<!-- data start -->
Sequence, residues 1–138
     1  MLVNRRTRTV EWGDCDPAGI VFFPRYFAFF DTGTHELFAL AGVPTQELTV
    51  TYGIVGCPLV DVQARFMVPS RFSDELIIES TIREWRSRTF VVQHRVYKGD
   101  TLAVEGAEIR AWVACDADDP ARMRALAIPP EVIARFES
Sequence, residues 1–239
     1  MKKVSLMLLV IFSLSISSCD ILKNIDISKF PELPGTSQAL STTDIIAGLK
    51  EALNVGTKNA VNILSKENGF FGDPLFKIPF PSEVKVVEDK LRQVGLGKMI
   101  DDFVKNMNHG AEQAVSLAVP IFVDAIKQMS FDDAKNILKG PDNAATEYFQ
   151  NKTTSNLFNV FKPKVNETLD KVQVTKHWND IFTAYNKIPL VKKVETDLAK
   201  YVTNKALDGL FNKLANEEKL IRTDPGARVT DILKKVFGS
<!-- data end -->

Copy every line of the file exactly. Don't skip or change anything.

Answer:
Sequence, residues 1–138
     1  MLVNRRTRTV EWGDCDPAGI VFFPRYFAFF DTGTHELFAL AGVPTQELTV
    51  TYGIVGCPLV DVQARFMVPS RFSDELIIES TIREWRSRTF VVQHRVYKGD
   101  TLAVEGAEIR AWVACDADDP ARMRALAIPP EVIARFES
Sequence, residues 1–239
     1  MKKVSLMLLV IFSLSISSCD ILKNIDISKF PELPGTSQAL STTDIIAGLK
    51  EALNVGTKNA VNILSKENGF FGDPLFKIPF PSEVKVVEDK LRQVGLGKMI
   101  DDFVKNMNHG AEQAVSLAVP IFVDAIKQMS FDDAKNILKG PDNAATEYFQ
   151  NKTTSNLFNV FKPKVNETLD KVQVTKHWND IFTAYNKIPL VKKVETDLAK
   201  YVTNKALDGL FNKLANEEKL IRTDPGARVT DILKKVFGS